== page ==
A woman who has been subject to bleeding for twelve years goes up to Jesus with so much faith, she knows that just touching his cloak will heal her. When it works, Jesus tells this woman that her faith has healed her. In the chapter right before this, Jesus calms the storm while yelling at the twelve saying, “do you still have no faith?”

3. The Syrophoenician Woman (Mark 7: 24-30)

Jesus had just fed 5,000 people from 5 loaves of bread and 2 fish. However, the twelve still didn’t get what was going on with Jesus. Then the Syrophoenician woman comes onto the scene. First, she is the only person in the Gospel to ever win an argument with Jesus. More importantly, she gets it. She is the only one who can see that, with Jesus, there is enough bread to go around.

4. The Widow with an Offering (Mark 12: 41-44)

Jesus watches this widow give an offering worth only a few cents, however, he says that she put in everything. The Greek here literally means she “put in her whole life.” This woman understands that the cost of discipleship is one’s entire life. Just a few chapters prior, Jesus calls Peter “Satan” for refusing to accept this very notion.

5. The Woman who Anoints Jesus (Mark 14: 1-9)

This woman pours oil on Jesus’ head, which is what is done for a King. She recognizes who Jesus is. Jesus points out that she did this to prepare for his burial. She understands what is going to happen to Jesus, even though the disciples still don’t get it. Jesus tells her that her story would continue to be told.

When it comes to following Jesus, I want to be like these women. I want to serve others. I want to have bold faith. I want to be on board with what Jesus is doing around me. I want this Jesus thing to encompass my whole life, and I want to keep Jesus in his rightful place. We may not know the names of these women, and they may not get much play in sermons, but their example is powerful. And it doesn’t stop there. I have so many strong women around me today that I also want to be like in the way I follow Jesus. I’m thankful for their courage, their teaching, their faith, their service, their impact, and so much more. May we follow their example.


HERspective Part 6 – You Don’t Own Me


(Queen Vashti – Painted by Elysium Creations)

Read Part 1 here

Read Part 2 here

Read Part 3 here

Read Part 4 here

Read Part 5 here


Don’t tell me what to do, Don’t tell me what to say                                                                             And please, when I go out with you                                                                                            Don’t put me on display, ‘cause                                                                                                       You don’t own me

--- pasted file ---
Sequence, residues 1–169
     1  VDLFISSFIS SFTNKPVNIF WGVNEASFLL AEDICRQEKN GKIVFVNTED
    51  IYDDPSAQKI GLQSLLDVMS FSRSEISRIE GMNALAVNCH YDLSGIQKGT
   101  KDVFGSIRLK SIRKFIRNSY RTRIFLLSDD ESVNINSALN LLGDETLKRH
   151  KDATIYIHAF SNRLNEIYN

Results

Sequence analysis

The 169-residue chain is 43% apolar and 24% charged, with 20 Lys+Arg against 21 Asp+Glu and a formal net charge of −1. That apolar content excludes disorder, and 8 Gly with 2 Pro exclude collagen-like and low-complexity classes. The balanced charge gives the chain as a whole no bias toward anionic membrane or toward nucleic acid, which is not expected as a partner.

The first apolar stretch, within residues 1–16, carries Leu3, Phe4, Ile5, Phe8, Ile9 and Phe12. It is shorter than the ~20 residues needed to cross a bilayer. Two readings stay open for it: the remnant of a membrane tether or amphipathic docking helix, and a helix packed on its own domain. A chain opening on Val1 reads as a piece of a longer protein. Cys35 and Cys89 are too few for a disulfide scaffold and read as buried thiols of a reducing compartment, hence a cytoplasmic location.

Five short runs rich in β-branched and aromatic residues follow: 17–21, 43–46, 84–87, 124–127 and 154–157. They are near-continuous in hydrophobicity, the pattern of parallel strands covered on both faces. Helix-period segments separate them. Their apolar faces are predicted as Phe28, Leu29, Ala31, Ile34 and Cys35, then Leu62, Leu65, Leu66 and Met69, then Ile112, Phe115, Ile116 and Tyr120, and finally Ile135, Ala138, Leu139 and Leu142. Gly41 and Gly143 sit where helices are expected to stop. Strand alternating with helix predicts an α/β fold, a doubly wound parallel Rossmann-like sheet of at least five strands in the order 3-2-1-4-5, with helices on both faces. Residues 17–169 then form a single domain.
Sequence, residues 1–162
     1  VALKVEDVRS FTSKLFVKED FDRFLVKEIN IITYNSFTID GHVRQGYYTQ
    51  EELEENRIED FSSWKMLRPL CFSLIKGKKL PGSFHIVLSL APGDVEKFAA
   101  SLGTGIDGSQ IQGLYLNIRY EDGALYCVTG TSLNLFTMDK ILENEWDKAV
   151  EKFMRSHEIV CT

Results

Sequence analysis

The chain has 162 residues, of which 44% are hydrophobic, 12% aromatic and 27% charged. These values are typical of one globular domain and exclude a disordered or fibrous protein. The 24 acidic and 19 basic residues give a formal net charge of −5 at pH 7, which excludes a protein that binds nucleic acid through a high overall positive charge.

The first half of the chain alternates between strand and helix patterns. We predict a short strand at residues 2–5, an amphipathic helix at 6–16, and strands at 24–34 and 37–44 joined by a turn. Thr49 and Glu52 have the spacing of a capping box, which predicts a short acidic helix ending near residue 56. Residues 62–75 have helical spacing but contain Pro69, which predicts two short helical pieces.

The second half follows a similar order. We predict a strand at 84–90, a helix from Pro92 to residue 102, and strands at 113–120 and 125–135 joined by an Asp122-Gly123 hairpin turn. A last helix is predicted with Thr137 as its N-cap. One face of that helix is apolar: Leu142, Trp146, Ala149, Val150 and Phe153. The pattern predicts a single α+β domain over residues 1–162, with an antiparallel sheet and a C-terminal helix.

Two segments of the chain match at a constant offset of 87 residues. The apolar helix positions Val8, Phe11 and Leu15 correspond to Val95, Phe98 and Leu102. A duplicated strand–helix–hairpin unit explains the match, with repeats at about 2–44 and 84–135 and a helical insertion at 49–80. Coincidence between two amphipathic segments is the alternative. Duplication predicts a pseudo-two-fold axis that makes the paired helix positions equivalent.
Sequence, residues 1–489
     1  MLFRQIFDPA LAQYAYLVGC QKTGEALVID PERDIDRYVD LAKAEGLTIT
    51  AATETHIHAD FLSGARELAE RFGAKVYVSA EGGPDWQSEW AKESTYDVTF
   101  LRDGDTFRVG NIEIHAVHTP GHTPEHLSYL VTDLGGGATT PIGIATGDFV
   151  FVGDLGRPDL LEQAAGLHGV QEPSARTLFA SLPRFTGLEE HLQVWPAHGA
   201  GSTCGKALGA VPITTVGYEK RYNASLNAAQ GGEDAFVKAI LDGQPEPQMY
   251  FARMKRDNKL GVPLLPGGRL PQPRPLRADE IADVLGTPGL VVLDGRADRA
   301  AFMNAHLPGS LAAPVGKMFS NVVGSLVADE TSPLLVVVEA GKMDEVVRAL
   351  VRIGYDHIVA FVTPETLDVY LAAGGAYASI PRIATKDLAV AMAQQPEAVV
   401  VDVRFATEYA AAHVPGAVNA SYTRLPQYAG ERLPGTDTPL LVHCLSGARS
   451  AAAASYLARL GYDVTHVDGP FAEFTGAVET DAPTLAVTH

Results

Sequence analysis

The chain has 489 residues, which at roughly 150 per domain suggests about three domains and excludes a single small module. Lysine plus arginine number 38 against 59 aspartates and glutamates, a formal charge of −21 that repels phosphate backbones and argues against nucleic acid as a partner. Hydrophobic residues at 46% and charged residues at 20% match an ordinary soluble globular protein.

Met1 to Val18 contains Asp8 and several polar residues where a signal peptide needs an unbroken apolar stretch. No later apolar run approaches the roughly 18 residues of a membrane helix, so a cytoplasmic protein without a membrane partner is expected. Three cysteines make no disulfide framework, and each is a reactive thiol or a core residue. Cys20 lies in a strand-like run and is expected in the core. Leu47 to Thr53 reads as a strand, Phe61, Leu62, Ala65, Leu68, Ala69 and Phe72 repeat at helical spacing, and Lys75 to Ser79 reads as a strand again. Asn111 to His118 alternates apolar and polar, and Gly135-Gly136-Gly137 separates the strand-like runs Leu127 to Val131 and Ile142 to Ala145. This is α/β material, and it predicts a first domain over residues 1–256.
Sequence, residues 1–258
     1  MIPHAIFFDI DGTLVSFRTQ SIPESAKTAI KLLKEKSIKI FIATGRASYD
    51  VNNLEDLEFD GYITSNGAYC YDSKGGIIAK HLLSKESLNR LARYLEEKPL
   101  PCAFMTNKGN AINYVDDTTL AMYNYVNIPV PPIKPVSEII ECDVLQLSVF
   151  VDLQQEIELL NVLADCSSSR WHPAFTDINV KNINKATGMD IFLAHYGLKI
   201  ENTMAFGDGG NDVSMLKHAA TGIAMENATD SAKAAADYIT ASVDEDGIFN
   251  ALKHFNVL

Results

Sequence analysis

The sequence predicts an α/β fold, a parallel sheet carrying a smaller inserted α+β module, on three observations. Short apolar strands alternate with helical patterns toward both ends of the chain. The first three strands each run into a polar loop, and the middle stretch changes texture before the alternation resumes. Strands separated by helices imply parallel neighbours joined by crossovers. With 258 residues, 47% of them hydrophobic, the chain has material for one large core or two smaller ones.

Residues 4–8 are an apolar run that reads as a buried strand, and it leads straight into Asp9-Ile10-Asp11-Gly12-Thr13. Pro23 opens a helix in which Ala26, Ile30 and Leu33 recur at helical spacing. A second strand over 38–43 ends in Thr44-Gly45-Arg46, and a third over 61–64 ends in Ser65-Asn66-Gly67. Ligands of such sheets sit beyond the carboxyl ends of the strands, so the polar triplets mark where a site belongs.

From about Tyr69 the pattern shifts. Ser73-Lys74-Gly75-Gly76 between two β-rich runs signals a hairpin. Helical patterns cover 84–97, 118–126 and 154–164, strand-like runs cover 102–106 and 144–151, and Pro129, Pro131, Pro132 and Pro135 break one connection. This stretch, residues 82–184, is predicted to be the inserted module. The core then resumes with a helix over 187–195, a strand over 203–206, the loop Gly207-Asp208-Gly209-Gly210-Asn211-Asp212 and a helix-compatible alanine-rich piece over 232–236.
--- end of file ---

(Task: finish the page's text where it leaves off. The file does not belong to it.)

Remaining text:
-Lesley Gore

The above lyrics first appeared in a song by Lesley Gore in 1963, and the song has been covered by artists many times over. Shortly after it’s release, You Don’t Own Me became an anthem for women. Although it was performed by Gore, surprisingly, the song was actually written by two men; David White and John Madara. Madara explains that much of the song was shaped out of his involvement with the Civil Rights movement. With this in mind, the two decided they were tired of how many songs written for women in the 1960s centered around the women obsessing over men. They decided to try something new stating, “Let’s write a song about a woman telling a guy off.”

However, this 1960s song of female empowerment could have just as easily been taken straight from a story in the Old Testament…the story of Esther.

At the opening of the story of Esther, we are introduced to King Xerxes. This King is extremely wealthy and powerful. To celebrate this wealth, he decides to throw a 7 day long party, because why not? This party was for every person in the kingdom, which shows how much money and power we’re talking here. Although we aren’t given lots of details on this rave, we can get a pretty good idea from this verse: